As someone who played W&G over a months-long campaign at his Warhammer Store, just for me I didn't find the comments in this thread snobbish or hatred-filled. I think the criticisms people mentioned here were valid. I enjoyed our W&G game, our characters, the storytelling experience, but I myself saw the flaws 1st hand.
What were people that enjoyed W&Gs aspects that they would like to see stay or improve in the, what I assume is, new edition?
Even before I read this question, I was thinking about the issue, along the lines of "what would I want to see in a new Wrath & Glory edition?" I think Brother Petey framed the issue perfectly, so I categorised my thoughts under what I'd like to Stay (i.e. the pros) vs. Improve (the cons):
What I'd like to Stay (Pros):
+ a d6 dice pool system, as everyone has d6s, can even use cool faction dice for RP flavour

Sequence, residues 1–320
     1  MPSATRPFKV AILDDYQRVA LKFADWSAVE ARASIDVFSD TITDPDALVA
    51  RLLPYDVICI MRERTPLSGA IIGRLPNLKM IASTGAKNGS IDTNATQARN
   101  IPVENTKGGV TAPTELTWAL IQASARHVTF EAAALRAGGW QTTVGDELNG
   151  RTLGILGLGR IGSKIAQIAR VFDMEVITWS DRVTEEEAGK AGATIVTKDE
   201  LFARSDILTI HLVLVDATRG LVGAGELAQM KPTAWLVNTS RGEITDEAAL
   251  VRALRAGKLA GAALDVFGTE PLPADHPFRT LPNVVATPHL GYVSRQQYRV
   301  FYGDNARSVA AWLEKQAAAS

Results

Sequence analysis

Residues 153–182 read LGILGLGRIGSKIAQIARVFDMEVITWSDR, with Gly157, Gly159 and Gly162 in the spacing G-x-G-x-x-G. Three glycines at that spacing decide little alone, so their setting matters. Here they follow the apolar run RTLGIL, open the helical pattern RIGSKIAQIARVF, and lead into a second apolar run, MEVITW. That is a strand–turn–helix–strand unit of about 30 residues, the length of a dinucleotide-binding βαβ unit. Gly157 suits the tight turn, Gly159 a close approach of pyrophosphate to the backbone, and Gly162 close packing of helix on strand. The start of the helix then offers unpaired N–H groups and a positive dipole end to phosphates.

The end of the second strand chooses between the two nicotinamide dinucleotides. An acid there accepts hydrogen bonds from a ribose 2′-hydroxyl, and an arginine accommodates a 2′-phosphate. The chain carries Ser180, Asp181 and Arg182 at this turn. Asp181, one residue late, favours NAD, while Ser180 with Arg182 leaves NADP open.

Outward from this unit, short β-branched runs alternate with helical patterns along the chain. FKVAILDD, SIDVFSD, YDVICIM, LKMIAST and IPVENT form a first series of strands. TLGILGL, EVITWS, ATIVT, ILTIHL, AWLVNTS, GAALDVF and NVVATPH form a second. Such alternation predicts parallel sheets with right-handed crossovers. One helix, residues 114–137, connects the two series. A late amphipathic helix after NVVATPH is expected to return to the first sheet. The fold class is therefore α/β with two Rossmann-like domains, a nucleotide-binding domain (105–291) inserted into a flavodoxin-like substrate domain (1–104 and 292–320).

+ a points-based character creator, precisely because it feels like building a 40k army list
+ actual RP rewards in the form of the Wrath Objectives (like invoking the Primarch's name in combat)
What I'd like to Improve (Cons):
- definitely 1000% expand on lore in the post-Cadia 8th ed Era
- I would even completely overhaul W&G's actual d6 pool system
I will now elaborate on those 2 areas for improvement (cons that I see in W&G), because it's not negative criticism, it's really what can use a positive change.
+++ Lore in the Post-Cadia/8th ed Era +++